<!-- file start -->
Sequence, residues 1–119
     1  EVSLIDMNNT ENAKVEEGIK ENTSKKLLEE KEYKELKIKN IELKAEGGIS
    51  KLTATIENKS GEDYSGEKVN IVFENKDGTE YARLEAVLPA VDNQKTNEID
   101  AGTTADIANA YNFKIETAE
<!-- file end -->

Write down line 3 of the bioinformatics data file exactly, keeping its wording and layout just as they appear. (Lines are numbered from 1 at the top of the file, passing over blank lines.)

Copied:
    51  KLTATIENKS GEDYSGEKVN IVFENKDGTE YARLEAVLPA VDNQKTNEID